The Lone Kayaker Loves……Merlin’s Cave


Merlin’s Cave is excellent for a multitude of reasons. It’s a catchy name, the whole place is wrapped up in a blurr of mediaeval mythology, and its an awesome place to paddle in a kayak. In fact paddling it in a kayak is definitely the way to appreciate this dramatic place because the approach from land is a bit over-commercialised. Or so I’ve been told, because every one of over thirty visits to this amazing place has been by sea.

Legend states that wannabee monarch baby Arthur was washed up on the sand at the entrance to the cave.* . He was discovered by the wizard Merlin who lurked within** and was nurtured to his place on the throne of the castle on top of the cliffs high above.  Surrounded by Sir Lancelot et al.

*lucky it wasn’t high tide or he would have gone right through                                                   **hope he had a good set of chest waders

It’s all good stuff, and the knights and their entourage could not have chosen a more spectacular location for their castle. Tintagel island is great hulk of a rocky peninsular which is lashed by wind and battered by a booming swell for most of the year. It’s only on a handful of days during the summer that conditions are anything like suitable for a (relaxed) visit by sea kayak. For exploring the caves and tunnels the open sea swell has really got to be less than two feet….which isn’t very often.

Access by kayak isn’t that straightforward. It’s either a two mile paddle up from Trebarwith which is an exposed surf beach, or a four mile paddle down from the much more sheltered launch site of Boscastle Harbour. This has got to be the best route because it takes you past a couple of superb islands and the sandy beaches at Bossiney.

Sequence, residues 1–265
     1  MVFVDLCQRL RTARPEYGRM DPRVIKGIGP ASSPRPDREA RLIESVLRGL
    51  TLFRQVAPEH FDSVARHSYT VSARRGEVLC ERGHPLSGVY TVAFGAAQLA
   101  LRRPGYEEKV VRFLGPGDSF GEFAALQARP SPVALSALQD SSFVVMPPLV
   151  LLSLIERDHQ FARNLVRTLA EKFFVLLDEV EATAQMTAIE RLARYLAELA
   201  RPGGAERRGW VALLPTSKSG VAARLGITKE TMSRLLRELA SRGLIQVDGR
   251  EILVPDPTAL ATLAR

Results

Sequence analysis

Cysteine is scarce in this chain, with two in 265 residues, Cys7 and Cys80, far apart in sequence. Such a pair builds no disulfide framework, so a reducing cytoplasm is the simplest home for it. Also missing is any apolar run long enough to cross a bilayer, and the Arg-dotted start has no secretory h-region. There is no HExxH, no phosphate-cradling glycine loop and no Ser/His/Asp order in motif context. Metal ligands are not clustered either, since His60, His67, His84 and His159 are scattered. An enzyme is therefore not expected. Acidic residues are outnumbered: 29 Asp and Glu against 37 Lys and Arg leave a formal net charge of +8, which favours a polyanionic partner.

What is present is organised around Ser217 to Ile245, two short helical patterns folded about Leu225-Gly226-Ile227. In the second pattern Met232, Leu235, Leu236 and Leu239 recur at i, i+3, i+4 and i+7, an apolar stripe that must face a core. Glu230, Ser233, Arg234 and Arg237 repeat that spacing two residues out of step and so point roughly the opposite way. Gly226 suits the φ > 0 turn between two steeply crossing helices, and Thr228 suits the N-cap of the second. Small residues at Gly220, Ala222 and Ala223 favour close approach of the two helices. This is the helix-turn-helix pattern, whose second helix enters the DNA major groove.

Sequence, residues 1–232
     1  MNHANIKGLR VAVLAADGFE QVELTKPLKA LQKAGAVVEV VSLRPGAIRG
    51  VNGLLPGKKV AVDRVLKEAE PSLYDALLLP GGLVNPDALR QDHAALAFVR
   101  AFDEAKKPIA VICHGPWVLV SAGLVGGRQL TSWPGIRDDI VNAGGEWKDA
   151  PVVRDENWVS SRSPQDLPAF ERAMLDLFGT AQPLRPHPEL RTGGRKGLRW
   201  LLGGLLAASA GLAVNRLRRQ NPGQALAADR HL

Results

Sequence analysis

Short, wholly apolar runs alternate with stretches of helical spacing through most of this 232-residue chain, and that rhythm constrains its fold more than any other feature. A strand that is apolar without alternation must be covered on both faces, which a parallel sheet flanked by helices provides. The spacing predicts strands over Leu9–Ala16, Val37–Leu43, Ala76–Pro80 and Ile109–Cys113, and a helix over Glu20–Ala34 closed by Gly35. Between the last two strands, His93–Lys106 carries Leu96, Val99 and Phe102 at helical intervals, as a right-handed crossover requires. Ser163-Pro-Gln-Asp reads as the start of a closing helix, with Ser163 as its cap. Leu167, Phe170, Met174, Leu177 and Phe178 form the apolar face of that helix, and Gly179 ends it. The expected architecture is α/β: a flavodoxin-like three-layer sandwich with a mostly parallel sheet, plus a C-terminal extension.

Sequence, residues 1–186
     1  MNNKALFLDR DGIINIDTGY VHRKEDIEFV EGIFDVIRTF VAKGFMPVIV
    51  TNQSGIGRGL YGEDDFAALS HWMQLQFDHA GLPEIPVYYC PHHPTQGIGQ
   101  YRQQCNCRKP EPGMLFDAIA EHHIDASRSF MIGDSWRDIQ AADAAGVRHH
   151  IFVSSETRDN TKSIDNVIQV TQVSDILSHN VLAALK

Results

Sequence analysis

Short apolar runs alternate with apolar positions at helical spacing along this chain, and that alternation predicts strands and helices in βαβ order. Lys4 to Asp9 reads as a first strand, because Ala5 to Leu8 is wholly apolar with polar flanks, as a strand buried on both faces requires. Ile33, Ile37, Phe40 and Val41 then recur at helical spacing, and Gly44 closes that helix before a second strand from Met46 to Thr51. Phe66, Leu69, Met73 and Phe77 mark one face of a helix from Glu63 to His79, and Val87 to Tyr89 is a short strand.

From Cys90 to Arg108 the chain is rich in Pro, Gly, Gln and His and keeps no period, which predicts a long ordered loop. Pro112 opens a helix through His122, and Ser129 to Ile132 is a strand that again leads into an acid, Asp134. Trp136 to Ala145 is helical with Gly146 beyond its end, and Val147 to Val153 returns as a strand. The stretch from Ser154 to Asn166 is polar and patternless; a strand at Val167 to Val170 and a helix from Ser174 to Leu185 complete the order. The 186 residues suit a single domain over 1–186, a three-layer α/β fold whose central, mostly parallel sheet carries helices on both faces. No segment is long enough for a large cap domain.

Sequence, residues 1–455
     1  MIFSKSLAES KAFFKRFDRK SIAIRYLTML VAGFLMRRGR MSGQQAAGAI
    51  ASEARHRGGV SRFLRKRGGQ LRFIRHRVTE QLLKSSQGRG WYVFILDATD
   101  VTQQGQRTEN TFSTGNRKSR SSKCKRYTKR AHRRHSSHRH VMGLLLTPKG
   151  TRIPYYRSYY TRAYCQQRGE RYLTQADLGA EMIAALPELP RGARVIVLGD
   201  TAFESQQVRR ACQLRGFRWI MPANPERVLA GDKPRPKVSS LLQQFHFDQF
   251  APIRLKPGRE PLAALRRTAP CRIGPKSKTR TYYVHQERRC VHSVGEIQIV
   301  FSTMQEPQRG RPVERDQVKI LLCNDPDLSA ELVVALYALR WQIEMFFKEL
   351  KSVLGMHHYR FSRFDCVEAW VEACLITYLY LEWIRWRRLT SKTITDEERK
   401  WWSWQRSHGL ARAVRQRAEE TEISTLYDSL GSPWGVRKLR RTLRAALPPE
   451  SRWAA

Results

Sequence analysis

Merlin’s cave is even more remarkable because it passes through the neck of Tintagel island and for the  kayaker bypasses almost a mile of the most savage rocky coastline imaginable around Tintagel island. Vertical black cliffs and a sea which is restless even when everywhere else is flat calm. It’s a hostile place and I’ve had a hairy moment or two here.  This is the tip of Tintagel head:


The cave is in such a perfect place for sneaking between Tintagel Haven and West Cove, you can’t help thinking that a bit of wizardry was involved in its creation.


Approaching from the other direction (west) is not only magical from a scenery point of view, but also because the door of the cave seems to suddenly opens before you as you paddle towards blank cliff.

The tunnel is one hundred metres in length which, I’m pretty sure, makes it the longest in SW England. I’ve paddled the whole coast and don’t think I missed a better one.

It is only the realm of the kayaker from two or three hours either side of high tide when the sandy base of the cave is covered. During that time it is heaving with land-based tourists.